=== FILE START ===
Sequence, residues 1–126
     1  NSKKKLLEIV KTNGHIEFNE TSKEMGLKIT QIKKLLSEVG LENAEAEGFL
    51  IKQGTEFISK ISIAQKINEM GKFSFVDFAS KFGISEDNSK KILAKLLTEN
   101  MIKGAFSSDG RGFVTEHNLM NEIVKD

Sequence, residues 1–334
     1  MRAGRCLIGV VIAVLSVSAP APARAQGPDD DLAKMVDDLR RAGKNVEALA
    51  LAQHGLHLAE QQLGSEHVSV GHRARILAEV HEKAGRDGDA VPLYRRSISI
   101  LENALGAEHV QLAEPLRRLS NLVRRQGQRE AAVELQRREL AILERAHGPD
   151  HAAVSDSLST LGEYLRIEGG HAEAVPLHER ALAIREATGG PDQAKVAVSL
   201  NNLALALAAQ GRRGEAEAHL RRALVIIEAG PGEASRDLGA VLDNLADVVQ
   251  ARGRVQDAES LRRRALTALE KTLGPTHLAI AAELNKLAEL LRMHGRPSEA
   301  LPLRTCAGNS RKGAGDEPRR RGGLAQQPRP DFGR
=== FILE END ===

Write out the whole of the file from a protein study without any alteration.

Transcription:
Sequence, residues 1–126
     1  NSKKKLLEIV KTNGHIEFNE TSKEMGLKIT QIKKLLSEVG LENAEAEGFL
    51  IKQGTEFISK ISIAQKINEM GKFSFVDFAS KFGISEDNSK KILAKLLTEN
   101  MIKGAFSSDG RGFVTEHNLM NEIVKD

Sequence, residues 1–334
     1  MRAGRCLIGV VIAVLSVSAP APARAQGPDD DLAKMVDDLR RAGKNVEALA
    51  LAQHGLHLAE QQLGSEHVSV GHRARILAEV HEKAGRDGDA VPLYRRSISI
   101  LENALGAEHV QLAEPLRRLS NLVRRQGQRE AAVELQRREL AILERAHGPD
   151  HAAVSDSLST LGEYLRIEGG HAEAVPLHER ALAIREATGG PDQAKVAVSL
   201  NNLALALAAQ GRRGEAEAHL RRALVIIEAG PGEASRDLGA VLDNLADVVQ
   251  ARGRVQDAES LRRRALTALE KTLGPTHLAI AAELNKLAEL LRMHGRPSEA
   301  LPLRTCAGNS RKGAGDEPRR RGGLAQQPRP DFGR